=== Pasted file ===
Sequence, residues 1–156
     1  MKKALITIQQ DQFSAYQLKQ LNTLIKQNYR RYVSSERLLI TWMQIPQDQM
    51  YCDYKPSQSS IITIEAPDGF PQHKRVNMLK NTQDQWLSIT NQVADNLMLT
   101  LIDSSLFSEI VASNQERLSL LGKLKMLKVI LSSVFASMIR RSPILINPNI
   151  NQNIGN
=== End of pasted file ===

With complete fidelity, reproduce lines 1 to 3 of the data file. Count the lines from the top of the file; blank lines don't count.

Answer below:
Sequence, residues 1–156
     1  MKKALITIQQ DQFSAYQLKQ LNTLIKQNYR RYVSSERLLI TWMQIPQDQM
    51  YCDYKPSQSS IITIEAPDGF PQHKRVNMLK NTQDQWLSIT NQVADNLMLT